Op-ed originally published in Sunday’s Amarillo Globe:
Column – Andy Wilson: Perry spews hot air on warming
AUSTIN – Gov. Rick Perry’s recent essay (“EPA ‘science’ doesn’t add up in global warming equation,” Dec. 27, 2009) is full of hot air and not much else.
The governor’s outrage produces more heat than light, revealing his ignorance of science and penchant for quoting dubious and discredited economic studies funded by energy companies.
The real inconvenient truth is that Texas cannot afford to make meaningless political statements any longer, especially when there’s work to be done – carbon regulation is coming whether the governor throws a tantrum or not. We can shout at the wind or harness it into a clean energy future.
Planning for a low-carbon future now will pay dividends in the future as the world comes to Texas for the clean energy we can supply in abundance. But if we choose to pout rather than produce, we risk missing the clean energy train.
Already, Texas wind turbines are providing electricity, not to mention jobs and tax revenue, and we’re blessed with some of the best solar potential of any state. According to data from the Electric Reliability Council of Texas, West Texas families pay less for their electricity, thanks in large part to all those wind farms. Peer-reviewed economic studies, including one by the Union of Concerned Scientists, show Texas families stand to save $980 annually in energy costs by enacting clean-energy legislation.
The scare-tactics scenarios the governor laid out use phony statistics from studies underwritten by dirty energy lobbyists who are afraid of competition from these low-carbon upstarts. If you dig deeper into these studies, even under their highest cost projections, U.S. economic growth remains robust and millions of new jobs are created, hundreds of thousands of which would be in Texas.
Given our high-tech, manufacturing, and energy leadership experience, Texas should be attracting green energy technologies already. But instead, we’re losing major solar and battery manufacturing to states which are less sunny but more savvy, such as Pennsylvania and Michigan.
Maybe Perry should spend less time posturing and complaining about science he doesn’t understand and more time enacting strong policies to attract clean energy jobs and industry to Texas, the same way Amarillo has in their recent announcement to bring as many as 750 new wind turbine manufacturing jobs to the area.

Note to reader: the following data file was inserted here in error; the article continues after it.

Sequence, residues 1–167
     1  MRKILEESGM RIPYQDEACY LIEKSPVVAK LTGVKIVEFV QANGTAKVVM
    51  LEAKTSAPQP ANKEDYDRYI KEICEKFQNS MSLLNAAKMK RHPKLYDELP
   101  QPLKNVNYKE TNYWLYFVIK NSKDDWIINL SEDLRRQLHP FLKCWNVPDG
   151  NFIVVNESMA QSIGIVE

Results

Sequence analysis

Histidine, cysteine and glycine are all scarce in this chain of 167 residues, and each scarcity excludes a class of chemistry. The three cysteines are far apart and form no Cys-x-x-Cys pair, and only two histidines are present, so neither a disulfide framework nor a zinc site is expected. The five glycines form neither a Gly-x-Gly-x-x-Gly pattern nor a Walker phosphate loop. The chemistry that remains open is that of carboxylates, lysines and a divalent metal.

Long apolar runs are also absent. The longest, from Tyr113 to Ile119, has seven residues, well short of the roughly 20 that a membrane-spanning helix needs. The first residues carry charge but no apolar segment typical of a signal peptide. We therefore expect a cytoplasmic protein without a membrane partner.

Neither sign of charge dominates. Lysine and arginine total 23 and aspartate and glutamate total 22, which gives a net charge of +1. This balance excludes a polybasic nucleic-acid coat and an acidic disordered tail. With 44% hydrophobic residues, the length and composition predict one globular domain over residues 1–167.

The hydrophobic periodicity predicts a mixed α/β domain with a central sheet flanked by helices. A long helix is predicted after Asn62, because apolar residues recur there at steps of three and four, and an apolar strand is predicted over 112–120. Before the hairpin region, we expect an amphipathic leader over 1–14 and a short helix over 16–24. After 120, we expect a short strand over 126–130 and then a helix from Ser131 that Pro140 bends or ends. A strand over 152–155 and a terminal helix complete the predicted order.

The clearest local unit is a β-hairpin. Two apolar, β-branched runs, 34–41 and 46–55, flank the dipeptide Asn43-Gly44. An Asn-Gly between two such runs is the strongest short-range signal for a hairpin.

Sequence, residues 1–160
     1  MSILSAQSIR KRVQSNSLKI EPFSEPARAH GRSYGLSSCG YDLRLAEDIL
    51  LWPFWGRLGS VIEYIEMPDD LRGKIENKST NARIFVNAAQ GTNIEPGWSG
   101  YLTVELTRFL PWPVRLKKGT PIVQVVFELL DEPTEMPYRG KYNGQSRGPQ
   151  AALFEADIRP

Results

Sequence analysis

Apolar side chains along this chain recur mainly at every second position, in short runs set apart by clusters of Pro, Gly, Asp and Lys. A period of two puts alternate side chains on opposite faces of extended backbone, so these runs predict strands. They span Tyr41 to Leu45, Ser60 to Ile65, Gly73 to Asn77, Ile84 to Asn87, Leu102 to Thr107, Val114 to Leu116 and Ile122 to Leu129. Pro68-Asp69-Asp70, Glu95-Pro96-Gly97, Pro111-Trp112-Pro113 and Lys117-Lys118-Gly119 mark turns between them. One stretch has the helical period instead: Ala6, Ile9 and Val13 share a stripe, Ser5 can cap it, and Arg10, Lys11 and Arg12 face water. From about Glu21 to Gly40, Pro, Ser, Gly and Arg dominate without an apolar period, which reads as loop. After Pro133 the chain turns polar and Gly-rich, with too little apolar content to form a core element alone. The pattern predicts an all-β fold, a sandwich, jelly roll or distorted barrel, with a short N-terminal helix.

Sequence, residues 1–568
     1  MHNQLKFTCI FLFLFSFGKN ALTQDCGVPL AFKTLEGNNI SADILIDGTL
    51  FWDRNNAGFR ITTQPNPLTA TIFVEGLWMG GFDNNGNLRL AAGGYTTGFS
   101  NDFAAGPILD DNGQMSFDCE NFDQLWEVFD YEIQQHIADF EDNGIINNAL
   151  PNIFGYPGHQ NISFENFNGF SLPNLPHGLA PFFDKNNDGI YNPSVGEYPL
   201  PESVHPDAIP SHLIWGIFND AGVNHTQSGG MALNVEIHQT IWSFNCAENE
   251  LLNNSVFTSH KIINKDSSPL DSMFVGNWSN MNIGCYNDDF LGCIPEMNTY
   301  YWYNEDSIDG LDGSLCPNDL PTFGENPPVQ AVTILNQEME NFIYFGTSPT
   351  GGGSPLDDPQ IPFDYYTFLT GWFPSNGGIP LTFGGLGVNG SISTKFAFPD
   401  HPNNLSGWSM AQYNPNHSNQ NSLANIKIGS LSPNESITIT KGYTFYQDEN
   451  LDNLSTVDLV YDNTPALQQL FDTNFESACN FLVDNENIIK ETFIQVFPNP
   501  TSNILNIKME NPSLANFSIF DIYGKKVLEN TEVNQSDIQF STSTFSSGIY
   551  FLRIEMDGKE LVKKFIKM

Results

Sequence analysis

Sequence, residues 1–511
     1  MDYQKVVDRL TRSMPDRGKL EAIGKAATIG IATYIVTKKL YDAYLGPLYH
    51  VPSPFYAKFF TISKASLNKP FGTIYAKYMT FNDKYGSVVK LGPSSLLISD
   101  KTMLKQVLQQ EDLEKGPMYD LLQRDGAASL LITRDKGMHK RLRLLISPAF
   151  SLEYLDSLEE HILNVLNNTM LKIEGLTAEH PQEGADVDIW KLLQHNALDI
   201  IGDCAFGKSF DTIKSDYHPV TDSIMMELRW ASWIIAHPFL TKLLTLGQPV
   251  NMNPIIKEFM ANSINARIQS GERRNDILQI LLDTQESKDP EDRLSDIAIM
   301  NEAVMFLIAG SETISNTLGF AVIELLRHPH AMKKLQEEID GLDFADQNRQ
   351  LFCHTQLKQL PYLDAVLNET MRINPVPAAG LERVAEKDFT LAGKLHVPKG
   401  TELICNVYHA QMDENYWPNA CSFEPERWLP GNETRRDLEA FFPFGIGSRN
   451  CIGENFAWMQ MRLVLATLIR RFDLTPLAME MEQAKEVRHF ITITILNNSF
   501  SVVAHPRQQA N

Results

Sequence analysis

The truth about the hacked e-mails Perry references that purport to discredit global warming is this: It’s a tempest in a teapot, and every scientist knows it. If we’re looking for a “smoking gun” that disproves the settled science of climate change, we would need glaciers and ice caps to stop melting at record levels worldwide. We would need temperatures and drought throughout Texas to recede, rather than having the last decade be the hottest and driest on record.
Since we only depend on the research of scientists at the University of East Anglia, a town and university so small, I challenge you to find it on a map, for a very small portion of the corpus of scientific knowledge on climate change, we would need much more than a few choice words from scientists behaving badly to contradict that. To discount all climate science based only on these emails would be the same as disqualifying University of Texas from playing in the Rose Bowl because of the criminal misbehavior by one of their bench wide receivers.
But the good news is that whether you believe in global warming or not, all of our tools to solve it are the same tools we need to solve our current crises and create a better future for Texans.
Worried about unemployment? Energy security? The loss of American manufacturing? Clean energy development cuts into all of these problems, and just happens to help save the planet while we’re at it.
So at the start of a new decade, let’s be winners, not whiners. Texas should be getting in front of federal legislation and putting in place the policies that ensure that the nation will turn to us for their future renewable energy needs for the 21st century, the same way they have for the past century with oil and gas.
Doing anything less, Gov. Perry, certainly seems … well, un-Texan.
Andy Wilson is the Global Warming Program director for Public Citizen’s Texas Office.
By promoting cleaner energy, cleaner government, and cleaner air for all Texans, we hope to provide for a healthy place to live and prosper. We are Public Citizen Texas.